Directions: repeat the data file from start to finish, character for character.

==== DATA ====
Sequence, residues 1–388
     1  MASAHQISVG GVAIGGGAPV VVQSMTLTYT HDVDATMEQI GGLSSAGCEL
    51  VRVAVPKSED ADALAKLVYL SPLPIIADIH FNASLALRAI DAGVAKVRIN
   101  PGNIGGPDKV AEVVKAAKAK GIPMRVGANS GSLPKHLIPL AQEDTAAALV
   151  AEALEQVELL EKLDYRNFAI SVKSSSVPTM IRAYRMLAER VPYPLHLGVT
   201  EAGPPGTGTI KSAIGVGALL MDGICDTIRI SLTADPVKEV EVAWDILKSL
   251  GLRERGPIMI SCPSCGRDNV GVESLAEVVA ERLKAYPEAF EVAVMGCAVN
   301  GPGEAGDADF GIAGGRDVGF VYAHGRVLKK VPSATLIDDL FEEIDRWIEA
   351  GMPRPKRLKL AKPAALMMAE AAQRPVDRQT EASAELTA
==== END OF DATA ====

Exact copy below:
Sequence, residues 1–388
     1  MASAHQISVG GVAIGGGAPV VVQSMTLTYT HDVDATMEQI GGLSSAGCEL
    51  VRVAVPKSED ADALAKLVYL SPLPIIADIH FNASLALRAI DAGVAKVRIN
   101  PGNIGGPDKV AEVVKAAKAK GIPMRVGANS GSLPKHLIPL AQEDTAAALV
   151  AEALEQVELL EKLDYRNFAI SVKSSSVPTM IRAYRMLAER VPYPLHLGVT
   201  EAGPPGTGTI KSAIGVGALL MDGICDTIRI SLTADPVKEV EVAWDILKSL
   251  GLRERGPIMI SCPSCGRDNV GVESLAEVVA ERLKAYPEAF EVAVMGCAVN
   301  GPGEAGDADF GIAGGRDVGF VYAHGRVLKK VPSATLIDDL FEEIDRWIEA
   351  GMPRPKRLKL AKPAALMMAE AAQRPVDRQT EASAELTA